Suspected foreign fighters may have their domestic travel movements restricted as part of ramped up national security measures if surveillance indicated they were looking to commit illegal acts, the Government says.
Prime Minister John Key announced yesterday 30-40 people were on a "watchlist" of concern in the foreign fighter context - people in, or from, New Zealand who were participating in extremist behaviour in various ways.
A further 30-40 people required further investigation in addition to the watchlist group.
Close tabs would be kept on the people concerned, and if a person was under surveillance the government would want to know "where they're going and what they're going for and what they're up to", Defence Minister Gerry Brownlee said today.
Asked if that would involve stopping people boarding domestic flights, Brownlee said: "We are looking very carefully at these people and where they would be engaged in illegal activity we'd be wanting to stop that."
Brownlee said the Government did not want the extra vigilance to impact on the freedom of others.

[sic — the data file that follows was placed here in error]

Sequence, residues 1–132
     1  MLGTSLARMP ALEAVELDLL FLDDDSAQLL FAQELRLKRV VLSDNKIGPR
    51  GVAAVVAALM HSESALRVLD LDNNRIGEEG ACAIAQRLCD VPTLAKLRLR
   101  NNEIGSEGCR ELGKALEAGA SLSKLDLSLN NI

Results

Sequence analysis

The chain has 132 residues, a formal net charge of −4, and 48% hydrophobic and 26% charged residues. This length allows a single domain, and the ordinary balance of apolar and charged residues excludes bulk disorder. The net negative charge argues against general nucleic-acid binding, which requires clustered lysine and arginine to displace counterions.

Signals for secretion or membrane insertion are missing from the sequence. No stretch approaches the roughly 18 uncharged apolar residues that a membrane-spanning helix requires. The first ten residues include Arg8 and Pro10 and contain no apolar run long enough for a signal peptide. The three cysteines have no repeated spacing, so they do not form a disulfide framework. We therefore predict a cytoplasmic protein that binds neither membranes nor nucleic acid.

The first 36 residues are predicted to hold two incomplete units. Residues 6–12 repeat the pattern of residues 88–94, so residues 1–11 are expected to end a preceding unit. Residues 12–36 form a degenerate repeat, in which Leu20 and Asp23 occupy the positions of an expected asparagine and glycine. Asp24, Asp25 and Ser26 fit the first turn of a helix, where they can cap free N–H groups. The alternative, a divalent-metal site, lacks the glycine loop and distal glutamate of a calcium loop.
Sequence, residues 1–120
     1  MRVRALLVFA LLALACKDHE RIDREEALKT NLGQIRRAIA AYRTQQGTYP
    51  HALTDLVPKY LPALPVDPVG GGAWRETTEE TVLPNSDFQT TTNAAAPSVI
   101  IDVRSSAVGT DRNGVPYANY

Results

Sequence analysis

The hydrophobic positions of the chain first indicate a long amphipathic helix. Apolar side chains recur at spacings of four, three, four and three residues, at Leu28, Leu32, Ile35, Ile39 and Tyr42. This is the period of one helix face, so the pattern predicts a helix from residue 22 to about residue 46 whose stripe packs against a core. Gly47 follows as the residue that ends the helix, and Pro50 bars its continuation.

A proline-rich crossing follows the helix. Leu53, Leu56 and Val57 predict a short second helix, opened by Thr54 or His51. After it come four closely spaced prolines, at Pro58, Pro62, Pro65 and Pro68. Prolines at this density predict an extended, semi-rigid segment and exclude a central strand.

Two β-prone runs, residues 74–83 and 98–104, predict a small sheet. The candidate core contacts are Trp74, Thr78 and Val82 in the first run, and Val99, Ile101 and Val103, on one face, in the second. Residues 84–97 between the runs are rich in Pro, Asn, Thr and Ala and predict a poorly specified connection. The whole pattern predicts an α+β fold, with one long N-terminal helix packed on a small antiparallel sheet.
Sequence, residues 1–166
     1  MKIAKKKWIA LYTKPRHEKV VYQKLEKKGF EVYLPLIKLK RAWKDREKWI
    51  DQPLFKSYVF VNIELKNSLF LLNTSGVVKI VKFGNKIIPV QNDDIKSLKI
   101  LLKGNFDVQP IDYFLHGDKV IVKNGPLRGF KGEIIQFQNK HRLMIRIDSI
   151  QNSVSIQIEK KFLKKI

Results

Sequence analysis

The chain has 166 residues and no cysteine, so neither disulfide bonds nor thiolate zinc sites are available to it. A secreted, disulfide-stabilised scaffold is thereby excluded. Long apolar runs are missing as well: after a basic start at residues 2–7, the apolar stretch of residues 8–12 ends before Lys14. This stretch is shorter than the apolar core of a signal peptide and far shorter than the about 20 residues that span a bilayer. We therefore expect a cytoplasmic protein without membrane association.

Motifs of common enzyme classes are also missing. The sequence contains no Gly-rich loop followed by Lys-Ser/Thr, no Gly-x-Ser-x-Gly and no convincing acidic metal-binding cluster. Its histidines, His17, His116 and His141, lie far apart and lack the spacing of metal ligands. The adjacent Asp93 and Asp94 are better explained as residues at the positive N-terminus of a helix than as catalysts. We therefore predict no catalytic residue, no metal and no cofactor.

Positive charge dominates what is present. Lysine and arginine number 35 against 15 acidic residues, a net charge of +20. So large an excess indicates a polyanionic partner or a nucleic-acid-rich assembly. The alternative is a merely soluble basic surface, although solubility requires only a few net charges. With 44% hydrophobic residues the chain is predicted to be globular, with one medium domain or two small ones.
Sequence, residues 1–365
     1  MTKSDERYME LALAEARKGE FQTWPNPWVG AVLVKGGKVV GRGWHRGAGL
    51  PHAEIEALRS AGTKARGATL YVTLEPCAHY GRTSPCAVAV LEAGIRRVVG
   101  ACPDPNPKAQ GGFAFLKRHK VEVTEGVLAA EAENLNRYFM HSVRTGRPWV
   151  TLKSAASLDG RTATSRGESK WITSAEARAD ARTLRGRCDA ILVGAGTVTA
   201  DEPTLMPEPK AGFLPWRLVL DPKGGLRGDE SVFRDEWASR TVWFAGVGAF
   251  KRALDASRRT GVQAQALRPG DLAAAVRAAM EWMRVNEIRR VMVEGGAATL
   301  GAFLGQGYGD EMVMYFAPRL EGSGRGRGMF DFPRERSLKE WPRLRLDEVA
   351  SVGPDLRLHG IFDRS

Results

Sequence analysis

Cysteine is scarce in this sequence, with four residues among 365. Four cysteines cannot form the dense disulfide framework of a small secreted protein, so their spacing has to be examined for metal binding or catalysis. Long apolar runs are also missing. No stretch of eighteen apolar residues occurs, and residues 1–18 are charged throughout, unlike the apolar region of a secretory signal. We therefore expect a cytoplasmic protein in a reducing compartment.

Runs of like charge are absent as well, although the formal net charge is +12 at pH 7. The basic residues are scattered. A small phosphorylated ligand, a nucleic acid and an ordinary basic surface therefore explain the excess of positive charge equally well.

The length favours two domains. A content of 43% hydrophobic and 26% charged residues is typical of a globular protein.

Asked if the risk of retaliation from Islamic State was greater following Key's announcement New Zealand would contribute to intelligence gathering against the terrorists, Brownlee was dismissive.
"Do you really think that the world's most sophisticated terrorist organisation, ever, doesn't know that NZ is part of Five Eyes?"
Military planners in Iraq were present as "part of the intelligence community" assessing how New Zealand could assist the Iraqis if their government requested help - Kiwi troops had not "joined the fight against Islamic State", he said.
Should the speed limit be raised to 110kmh on some roads?Related story: 110kmh limit moves closer